Late last month, 76 Democratic Congressional Representatives urged the FCC and the Department of Justice to give important consideration to the increased broadband wireless coverage that will be made possible by AT&T’s acquisition of T-Mobile. More specifically, the letter recognized the significant benefits of expanded LTE broadband services to 55 million Americans that might not otherwise see 4G LTE deployments in their communities.
AT&T has made clear that the scale, spectrum, and other resources generated by the transaction will permit AT&T to deploy LTE – the premier next-generation wireless broadband technology – to more than 97% of the U.S. population. That deployment in turn will create jobs, incent investment, help bridge the digital divide and help achieve the Administration’s broadband objectives for rural America, relying entirely on private capital and without the expenditure of government funds.
Free Press has long acknowledged that high-speed broadband Internet access has become a necessity for productivity and economic growth. Free Press also acknowledges that more than one-third of Americans still lack access to a high speed service in their home and laments that “whole regions of the country are not being served by broadband providers.” Yet, when confronted with AT&T’s commitment to deploy LTE – a faster and more spectrally efficient wireless broadband technology – to a significant portion of all Americans now under-served, Free Press glibly accuses us of misleading members of Congress and making “phony promises.” In support of this, Free Press points to our ongoing efforts to expand our HSPA+ deployments – apparently concluding that HSPA+ is the same as LTE.
While it is true that HSPA+ enhances wireless network speeds, LTE is a major advancement for the mobile industry. Unlike HSPA+, which is approaching the end of its development cycle, LTE development is at its infancy and will only improve. And even in its launch phase, LTE offers downlink throughput speeds that are up to two times faster than HSPA+ with dual carriers.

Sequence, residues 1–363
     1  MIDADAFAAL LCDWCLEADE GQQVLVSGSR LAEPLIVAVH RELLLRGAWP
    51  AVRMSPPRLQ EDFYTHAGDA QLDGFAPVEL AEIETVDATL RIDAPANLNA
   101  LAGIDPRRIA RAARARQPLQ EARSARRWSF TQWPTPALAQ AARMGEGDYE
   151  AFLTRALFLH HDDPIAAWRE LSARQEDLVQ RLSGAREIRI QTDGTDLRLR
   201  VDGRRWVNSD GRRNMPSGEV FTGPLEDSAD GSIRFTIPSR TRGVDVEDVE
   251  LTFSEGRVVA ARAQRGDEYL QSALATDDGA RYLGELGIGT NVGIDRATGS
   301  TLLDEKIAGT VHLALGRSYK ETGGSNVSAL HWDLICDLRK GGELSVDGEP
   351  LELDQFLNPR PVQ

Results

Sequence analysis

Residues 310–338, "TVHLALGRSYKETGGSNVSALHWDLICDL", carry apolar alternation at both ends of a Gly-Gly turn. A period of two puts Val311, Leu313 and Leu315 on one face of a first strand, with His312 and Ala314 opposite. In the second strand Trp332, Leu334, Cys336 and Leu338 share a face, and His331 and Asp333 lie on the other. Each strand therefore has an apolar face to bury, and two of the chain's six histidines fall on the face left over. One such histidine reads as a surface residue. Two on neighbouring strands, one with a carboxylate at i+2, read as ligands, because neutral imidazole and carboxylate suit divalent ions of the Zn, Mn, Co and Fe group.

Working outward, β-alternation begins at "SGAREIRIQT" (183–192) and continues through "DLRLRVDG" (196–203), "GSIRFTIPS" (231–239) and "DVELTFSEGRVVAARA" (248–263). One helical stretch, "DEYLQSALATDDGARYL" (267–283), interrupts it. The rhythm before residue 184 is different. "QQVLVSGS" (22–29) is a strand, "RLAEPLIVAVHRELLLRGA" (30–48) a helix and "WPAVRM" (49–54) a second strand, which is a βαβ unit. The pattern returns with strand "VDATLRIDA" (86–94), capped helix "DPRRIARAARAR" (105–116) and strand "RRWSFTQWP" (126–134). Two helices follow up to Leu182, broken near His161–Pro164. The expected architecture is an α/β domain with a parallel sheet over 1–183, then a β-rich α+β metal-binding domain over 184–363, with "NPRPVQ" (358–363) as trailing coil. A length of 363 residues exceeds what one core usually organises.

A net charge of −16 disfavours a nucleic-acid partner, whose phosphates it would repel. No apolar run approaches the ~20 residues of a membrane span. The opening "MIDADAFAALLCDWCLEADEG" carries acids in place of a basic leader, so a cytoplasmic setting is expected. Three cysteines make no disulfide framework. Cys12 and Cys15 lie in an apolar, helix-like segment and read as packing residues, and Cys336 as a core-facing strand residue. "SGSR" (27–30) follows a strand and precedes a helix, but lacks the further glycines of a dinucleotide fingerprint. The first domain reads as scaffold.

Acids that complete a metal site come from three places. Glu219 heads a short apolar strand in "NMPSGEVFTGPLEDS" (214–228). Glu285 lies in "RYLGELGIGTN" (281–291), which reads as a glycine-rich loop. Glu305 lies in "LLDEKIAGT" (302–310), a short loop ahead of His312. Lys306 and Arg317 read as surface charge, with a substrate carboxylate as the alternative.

LTE also has dramatically reduced latency, which will provide subscribers with a significantly better mobile broadband experience, particularly for delay-sensitive services such as VoIP and video applications. AT&T expects that with the deployment of wide-scale LTE networks, real-time, streaming, interactive mobile video will become ubiquitous. And as information and computing power are transferred to the “cloud,” mobile devices will become thinner, lighter, more energy efficient and dramatically more powerful. Wireless connectivity will be embedded in new and innovative consumer, commercial and medical devices that will be monitored and reconfigured in real time to the personal needs of individual consumers and businesses.
In short, LTE promises to be transformational – offering dramatic performance and service improvements beyond those available on current UMTS networks and rural communities need and deserve access to these technologies as a path to personal and economic growth.
In the end, it is Free Press that is “dead wrong” in suggesting rural America doesn’t really need access to LTE. LTE technologies are the best bet this country has to dramatically narrow the digital divide and the 76 representatives who sent the letter to the FCC and the Department of Justice were correct to recognize that bringing 21st century wireless infrastructure to rural and underserved communities is critical for our nation’s long-term economic growth and productivity.